(3) It is possible but unlikely that persons might occupy the site in the future and engage in normal pursuits without knowing that they were receiving radiation exposure. These persons are referred to as inadvertent intruders. Protection of such intruders can involve two principal controls: institutional control over the site after operations by the site owner to ensure that no such occupation or improper use of the site occurs; or, designating which waste could present an unacceptable risk to an intruder, and disposing of this waste in a manner that provides some form of intruder barrier that is intended to prevent contact with the waste. This regulation incorporates both types of protective controls.
(4) Institutional control of access to the site is required for up to 100 years. This permits the disposal of Class A and Class B waste without special provisions for intrusion protection, since these classes of waste contain types and quantities of radioisotopes that will decay during the 100-year period and will present an acceptable hazard to an intruder. The government landowner administering the active institutional control program has flexibility in controlling site access which may include allowing productive uses of the land provided the integrity and long-term performance of the site are not affected.
(5) Waste that will not decay to levels which present an acceptable hazard to an intruder within 100 years is designated as Class C waste. This waste is disposed of at a greater depth than the other classes of waste so that subsequent surface activities by an intruder will not disturb the waste. Where site conditions prevent deeper disposal, intruder barriers such as concrete covers may be used. The effective life of these intruder barriers should be 500 years. A maximum concentration of radionuclides is specified for all wastes so that at the end of the 500 year period, remaining radioactivity will be at a level that does not pose an unacceptable hazard to an intruder or public health and safety. Waste with concentrations above these limits is generally unacceptable for near-surface disposal. There may be some instances where waste with concentrations greater than permitted for Class C would be acceptable for near-surface disposal with special processing or design. These will be evaluated on a case-by-case basis. Class C waste must also be stable.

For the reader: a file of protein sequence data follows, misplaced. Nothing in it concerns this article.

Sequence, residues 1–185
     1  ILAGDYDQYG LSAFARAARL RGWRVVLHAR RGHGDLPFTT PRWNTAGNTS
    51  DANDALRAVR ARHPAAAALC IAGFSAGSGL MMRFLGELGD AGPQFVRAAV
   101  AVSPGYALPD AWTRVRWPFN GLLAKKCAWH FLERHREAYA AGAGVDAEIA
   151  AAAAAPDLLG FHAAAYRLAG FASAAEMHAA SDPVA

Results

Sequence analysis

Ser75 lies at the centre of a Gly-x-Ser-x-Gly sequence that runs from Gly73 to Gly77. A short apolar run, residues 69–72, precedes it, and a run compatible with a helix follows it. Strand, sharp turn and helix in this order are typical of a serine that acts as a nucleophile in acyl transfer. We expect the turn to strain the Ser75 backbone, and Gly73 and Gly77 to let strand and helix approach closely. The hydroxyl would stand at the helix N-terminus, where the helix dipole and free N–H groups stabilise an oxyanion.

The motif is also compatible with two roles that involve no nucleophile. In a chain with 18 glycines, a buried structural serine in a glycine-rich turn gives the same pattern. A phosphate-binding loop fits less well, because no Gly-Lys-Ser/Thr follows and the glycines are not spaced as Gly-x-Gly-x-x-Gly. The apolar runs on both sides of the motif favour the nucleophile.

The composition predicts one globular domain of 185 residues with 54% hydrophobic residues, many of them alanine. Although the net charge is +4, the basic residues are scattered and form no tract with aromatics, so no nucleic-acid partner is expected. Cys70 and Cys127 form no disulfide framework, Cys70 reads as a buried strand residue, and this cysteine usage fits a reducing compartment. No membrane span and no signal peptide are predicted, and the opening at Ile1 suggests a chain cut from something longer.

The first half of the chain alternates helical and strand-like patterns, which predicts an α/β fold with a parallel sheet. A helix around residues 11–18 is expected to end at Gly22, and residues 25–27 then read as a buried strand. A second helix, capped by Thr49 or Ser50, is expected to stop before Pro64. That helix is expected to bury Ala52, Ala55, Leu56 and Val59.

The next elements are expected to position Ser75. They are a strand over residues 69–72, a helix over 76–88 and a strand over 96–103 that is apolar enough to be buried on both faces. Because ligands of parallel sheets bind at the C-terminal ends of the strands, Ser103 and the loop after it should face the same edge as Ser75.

(c) The licensing process.
(1) During the preoperational phase, the potential applicant goes through a process of disposal site selection by selecting a region of interest, examining a number of possible disposal sites within the area of interest and narrowing the choice to the proposed site. Through a detailed investigation of the disposal site characteristics the potential applicant obtains data on which to base an analysis of the disposal site's suitability. Along with these data and analyses, the applicant submits other more general information to the Commission in the form of an application for a license for land disposal. The Commission's review of the application is in accordance with administrative procedures established by rule and may involve participation by affected State governments or Indian tribes. While the proposed disposal site must be owned by a State or the Federal government before the Commission will issue a license, it may be privately owned during the preoperational phase if suitable arrangements have been made with a State or the Federal government to take ownership in fee of the land before the license is issued.